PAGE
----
Fire Scout’s operational range is about 110 nautical miles from the ship, with an endurance of about eight hours.

 

The Navy has two fully instrumented development test models in service. The total buy for the Navy is expected to be 168 aircraft. The Army also is buying the rotorcraft for its Future Combat Systems program, and Northrop Grumman says there is international interest as well.

 

Initial operational capability for the system is expected in 2011. Flyaway cost for the aircraft is about $7 million, Dunigan says.

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Northrop To Test-fly Army Fire Scout Soon

 

 

By Bettina H. Chavanne aviatonweek.com

 

 

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Northrop Grumman may be hoping to convince the U.S. Army to field its Fire Scout vertical takeoff unmanned aerial vehicle earlier than scheduled by test-flying the unmanned helicopter in Yuma, Ariz., in June.

 

The Fire Scout, called an XM157 Class IV UAV by the Army, is part of the land service’s embattled Future Combat Systems (FCS) program. The Army does not plan to test fly the XM157 until 2011 under the official FCS timeline. But Northrop Grumman, whose Fire Scout is already being test-flown for the Navy, is taking its company-owned aircraft, called the White Tail, to Yuma next month for tests of its own.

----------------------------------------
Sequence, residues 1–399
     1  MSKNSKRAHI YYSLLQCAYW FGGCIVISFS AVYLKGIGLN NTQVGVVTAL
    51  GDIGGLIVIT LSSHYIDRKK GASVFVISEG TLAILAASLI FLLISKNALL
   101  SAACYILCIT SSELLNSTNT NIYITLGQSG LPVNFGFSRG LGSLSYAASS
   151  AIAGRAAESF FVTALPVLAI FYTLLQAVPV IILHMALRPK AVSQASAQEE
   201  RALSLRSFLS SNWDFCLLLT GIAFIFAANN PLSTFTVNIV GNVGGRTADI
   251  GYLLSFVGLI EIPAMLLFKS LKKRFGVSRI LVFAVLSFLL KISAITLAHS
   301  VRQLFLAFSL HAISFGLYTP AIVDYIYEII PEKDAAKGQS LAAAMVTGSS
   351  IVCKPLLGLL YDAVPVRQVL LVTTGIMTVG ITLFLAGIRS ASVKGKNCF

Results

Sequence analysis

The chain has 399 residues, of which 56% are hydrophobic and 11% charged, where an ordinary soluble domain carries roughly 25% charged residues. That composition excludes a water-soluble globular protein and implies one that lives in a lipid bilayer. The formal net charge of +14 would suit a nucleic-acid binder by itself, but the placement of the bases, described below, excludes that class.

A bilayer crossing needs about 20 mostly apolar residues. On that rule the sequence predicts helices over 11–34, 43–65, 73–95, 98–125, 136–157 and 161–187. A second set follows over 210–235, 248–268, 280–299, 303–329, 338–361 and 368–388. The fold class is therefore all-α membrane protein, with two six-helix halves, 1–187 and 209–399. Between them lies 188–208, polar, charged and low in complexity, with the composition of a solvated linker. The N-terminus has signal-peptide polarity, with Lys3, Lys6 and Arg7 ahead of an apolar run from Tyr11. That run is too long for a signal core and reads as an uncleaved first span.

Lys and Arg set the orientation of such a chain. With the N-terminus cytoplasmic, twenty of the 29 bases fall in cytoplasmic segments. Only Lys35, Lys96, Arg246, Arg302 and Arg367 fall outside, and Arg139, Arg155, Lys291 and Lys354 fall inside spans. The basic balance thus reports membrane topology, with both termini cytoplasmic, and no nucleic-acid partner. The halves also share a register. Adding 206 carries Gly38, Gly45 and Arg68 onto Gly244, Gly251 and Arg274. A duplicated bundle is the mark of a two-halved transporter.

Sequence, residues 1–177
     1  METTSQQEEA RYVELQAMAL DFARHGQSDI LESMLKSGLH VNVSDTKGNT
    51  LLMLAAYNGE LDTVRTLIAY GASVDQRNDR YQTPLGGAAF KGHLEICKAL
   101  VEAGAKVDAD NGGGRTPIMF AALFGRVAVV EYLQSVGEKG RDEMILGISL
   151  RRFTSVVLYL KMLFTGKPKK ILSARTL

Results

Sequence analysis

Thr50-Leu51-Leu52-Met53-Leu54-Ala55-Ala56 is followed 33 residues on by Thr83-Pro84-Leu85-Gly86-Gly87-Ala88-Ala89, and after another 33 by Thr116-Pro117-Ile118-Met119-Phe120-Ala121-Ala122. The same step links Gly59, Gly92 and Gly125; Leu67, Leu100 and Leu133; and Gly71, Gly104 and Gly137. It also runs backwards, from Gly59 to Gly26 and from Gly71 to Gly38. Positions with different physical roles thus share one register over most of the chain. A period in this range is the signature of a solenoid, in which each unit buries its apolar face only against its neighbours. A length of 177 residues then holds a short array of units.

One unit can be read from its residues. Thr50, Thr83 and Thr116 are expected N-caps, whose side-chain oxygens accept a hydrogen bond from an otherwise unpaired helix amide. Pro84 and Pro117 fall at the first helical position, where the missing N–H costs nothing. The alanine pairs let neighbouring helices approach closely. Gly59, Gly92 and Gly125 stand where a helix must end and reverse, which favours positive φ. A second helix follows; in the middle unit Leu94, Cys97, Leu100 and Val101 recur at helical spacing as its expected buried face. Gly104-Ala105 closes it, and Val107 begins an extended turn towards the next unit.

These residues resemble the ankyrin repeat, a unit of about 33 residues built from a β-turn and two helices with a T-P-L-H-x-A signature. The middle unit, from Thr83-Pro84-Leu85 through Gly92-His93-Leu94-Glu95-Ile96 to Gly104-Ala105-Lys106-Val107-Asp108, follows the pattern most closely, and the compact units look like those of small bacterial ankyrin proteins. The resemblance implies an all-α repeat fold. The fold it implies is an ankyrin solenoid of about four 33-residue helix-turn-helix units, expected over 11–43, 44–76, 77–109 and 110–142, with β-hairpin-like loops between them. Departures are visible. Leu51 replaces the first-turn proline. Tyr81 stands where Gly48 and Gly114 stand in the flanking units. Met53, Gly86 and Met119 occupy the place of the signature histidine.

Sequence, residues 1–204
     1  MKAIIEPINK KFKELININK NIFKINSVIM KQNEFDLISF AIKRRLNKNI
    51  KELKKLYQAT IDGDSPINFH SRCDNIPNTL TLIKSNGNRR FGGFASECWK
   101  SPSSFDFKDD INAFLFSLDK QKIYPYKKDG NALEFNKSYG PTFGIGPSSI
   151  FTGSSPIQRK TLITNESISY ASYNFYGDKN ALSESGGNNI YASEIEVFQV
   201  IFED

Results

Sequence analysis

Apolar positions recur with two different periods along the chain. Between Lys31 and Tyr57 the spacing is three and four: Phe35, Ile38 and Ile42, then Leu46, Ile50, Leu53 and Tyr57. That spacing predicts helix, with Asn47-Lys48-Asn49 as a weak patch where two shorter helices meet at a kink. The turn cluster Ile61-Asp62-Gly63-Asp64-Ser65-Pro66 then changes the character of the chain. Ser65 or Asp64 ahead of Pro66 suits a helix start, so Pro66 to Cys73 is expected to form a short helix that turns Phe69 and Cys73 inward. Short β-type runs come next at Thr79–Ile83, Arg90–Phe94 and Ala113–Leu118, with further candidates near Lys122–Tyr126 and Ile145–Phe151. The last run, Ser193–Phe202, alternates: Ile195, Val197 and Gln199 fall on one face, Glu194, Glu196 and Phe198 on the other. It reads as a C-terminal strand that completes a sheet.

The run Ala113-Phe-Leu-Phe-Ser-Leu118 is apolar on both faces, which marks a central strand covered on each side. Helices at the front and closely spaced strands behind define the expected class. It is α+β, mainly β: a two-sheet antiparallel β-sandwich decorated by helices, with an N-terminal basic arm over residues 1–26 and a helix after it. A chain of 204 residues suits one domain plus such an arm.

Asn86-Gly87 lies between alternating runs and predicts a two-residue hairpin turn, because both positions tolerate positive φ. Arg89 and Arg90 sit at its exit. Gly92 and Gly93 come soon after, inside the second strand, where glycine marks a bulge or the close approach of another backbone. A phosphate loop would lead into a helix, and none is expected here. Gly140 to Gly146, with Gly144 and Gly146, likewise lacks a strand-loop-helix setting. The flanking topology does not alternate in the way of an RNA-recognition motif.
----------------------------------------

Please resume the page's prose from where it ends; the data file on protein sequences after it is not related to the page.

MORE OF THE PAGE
“We wanted to demonstrate that we have the ability to operate in that [Army One ground control system] architecture,” said Mike Howell, Northrop Grumman’s director of business development for Fire Scout. The company will fly the aircraft using its own “universal” ground control station, which Howell said emulates the Army One system and incorporates some principles from the Navy’s Tactical Control System, or TCS.